Jos de Muls “Tracing new media in everyday life and technology” discusses digital databases and their position as the new art object. De Mul feels that Walter Benjamin’s worries about human alienation through machines may soon become a thing of the past, as recent artworks that he highlights prove to us that we are now more than ever further along the line of becoming redundant. Using Benjamin’s essay ‘The work of art in the age of mechanical reproduction’ as a premise Mul maps how exhibition value has now become manipulation value. That this manipulation value has in fact given digital database’s the ‘aura’ that art objects lost through mechanical reproduction. Careful not to simply replace mechanical reproduction with digital reproduction, Mul explains how what he has termed as digital recombination has grown from the fact that digital databases are so incredibly dynamic which is what gives them this ‘aura’. He explains that due to the high uses of digital databases that now everything is being seen as a database, “ in the age of digital databases everything, nature and culture alike becomes an object for recombination and manipulation” As a work of art that deals with the politics of manipulation he highlights Geert Muls “Match of the day”, a digital database artwork that he claims puts us in a place of vulnerability and awareness of technologies ever decreasing dependency.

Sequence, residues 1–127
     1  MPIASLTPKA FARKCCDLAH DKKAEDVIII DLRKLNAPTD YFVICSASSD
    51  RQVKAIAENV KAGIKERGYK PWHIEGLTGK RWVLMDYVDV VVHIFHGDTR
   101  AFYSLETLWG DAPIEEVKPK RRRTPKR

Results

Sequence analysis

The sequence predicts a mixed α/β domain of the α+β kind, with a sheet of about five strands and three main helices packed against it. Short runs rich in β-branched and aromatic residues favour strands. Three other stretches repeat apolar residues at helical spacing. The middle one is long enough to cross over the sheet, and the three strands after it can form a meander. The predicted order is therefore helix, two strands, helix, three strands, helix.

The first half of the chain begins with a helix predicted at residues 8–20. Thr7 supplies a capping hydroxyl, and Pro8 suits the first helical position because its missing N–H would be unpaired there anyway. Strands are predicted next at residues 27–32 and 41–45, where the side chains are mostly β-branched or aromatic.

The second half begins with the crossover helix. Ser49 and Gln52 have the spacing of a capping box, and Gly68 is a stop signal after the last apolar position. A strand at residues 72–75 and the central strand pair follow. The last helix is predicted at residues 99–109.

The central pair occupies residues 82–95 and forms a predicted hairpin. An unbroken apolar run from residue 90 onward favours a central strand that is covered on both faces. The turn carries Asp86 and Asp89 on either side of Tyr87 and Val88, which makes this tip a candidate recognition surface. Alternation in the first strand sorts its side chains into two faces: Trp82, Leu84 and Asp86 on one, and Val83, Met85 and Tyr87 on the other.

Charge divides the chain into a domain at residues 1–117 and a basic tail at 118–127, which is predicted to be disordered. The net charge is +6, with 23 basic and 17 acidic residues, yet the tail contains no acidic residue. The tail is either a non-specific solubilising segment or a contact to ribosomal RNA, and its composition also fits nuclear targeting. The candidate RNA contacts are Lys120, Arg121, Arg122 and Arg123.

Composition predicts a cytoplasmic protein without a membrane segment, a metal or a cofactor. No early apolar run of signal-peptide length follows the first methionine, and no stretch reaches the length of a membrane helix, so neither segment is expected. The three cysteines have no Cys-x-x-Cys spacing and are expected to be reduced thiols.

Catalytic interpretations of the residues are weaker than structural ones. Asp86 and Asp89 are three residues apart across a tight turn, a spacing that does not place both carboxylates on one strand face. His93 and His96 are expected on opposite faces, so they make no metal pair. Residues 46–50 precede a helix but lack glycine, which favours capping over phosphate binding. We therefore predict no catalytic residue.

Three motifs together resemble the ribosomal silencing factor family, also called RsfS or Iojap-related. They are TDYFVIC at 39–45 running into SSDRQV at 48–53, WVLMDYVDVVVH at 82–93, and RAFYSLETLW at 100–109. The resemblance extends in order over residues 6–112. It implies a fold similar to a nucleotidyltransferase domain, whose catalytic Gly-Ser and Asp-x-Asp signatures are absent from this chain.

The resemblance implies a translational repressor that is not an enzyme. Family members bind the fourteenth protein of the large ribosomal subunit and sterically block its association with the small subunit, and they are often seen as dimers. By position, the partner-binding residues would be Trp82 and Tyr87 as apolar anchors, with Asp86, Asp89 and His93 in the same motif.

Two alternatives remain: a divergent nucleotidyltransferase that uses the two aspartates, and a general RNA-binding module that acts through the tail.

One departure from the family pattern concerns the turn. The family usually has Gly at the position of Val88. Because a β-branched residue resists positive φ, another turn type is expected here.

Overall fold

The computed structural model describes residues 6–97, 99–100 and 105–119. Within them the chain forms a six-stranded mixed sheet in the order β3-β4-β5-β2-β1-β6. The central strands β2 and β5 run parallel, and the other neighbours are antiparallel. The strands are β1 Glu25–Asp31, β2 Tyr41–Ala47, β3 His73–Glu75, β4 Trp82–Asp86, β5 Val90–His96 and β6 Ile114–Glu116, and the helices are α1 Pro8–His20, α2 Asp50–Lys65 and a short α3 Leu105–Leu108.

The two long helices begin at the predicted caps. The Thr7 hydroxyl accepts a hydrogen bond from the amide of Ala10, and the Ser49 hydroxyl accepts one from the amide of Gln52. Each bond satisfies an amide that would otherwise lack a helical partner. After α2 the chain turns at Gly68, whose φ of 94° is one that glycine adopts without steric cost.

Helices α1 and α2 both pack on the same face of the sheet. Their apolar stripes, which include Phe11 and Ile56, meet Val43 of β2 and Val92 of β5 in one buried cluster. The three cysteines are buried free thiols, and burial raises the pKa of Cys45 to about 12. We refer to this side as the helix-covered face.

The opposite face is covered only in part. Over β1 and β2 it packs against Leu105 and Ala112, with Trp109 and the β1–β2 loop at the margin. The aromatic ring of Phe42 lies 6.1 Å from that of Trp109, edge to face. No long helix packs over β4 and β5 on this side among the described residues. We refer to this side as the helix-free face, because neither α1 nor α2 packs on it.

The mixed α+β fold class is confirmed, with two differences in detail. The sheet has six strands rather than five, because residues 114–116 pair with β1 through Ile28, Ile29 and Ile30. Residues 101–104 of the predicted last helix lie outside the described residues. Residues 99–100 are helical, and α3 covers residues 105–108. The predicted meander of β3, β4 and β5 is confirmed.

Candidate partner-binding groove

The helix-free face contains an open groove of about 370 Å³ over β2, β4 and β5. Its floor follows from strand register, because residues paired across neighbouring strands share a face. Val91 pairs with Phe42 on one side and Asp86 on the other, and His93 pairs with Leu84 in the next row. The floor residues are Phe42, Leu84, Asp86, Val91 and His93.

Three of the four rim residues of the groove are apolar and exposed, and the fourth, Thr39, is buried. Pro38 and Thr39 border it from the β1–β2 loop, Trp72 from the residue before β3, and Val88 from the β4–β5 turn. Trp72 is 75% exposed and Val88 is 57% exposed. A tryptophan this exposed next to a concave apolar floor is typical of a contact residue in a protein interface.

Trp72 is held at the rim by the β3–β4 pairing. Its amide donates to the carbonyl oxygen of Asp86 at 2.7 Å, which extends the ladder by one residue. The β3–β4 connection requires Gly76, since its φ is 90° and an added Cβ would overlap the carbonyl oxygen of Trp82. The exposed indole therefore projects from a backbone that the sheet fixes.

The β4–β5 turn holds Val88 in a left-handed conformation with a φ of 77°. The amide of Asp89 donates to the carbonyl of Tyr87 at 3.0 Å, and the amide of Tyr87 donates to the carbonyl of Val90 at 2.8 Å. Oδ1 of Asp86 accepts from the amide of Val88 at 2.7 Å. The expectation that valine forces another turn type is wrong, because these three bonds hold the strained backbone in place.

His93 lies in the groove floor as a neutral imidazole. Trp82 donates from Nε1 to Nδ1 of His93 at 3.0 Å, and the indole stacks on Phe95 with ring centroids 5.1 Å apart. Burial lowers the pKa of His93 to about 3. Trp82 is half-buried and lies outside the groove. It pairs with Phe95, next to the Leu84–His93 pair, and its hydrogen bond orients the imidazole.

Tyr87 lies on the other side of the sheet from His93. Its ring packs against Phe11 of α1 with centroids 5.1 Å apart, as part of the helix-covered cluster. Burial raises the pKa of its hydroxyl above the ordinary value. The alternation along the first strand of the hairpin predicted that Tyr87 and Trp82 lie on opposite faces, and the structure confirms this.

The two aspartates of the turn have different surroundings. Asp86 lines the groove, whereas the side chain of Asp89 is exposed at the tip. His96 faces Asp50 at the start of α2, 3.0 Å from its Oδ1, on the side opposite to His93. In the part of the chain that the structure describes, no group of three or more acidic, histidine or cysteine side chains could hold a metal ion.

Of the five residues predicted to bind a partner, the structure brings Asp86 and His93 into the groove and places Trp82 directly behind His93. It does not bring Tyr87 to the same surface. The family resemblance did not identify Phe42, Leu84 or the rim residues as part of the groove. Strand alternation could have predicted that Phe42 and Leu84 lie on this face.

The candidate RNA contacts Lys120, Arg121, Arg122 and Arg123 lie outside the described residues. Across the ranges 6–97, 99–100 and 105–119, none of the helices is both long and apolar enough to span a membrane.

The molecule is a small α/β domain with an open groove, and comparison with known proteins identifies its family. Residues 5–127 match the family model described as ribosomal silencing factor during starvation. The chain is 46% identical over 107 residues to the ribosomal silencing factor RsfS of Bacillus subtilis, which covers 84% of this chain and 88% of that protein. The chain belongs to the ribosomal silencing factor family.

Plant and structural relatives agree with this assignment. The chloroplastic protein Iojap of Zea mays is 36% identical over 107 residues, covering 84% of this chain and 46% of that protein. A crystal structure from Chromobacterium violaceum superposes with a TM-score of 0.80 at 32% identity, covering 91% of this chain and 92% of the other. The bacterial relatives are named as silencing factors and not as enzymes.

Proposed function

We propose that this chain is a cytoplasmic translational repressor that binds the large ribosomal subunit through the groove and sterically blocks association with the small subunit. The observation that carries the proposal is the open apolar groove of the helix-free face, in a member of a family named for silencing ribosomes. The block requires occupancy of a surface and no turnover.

Synopsis of Remixing and remixability by Lev Manovich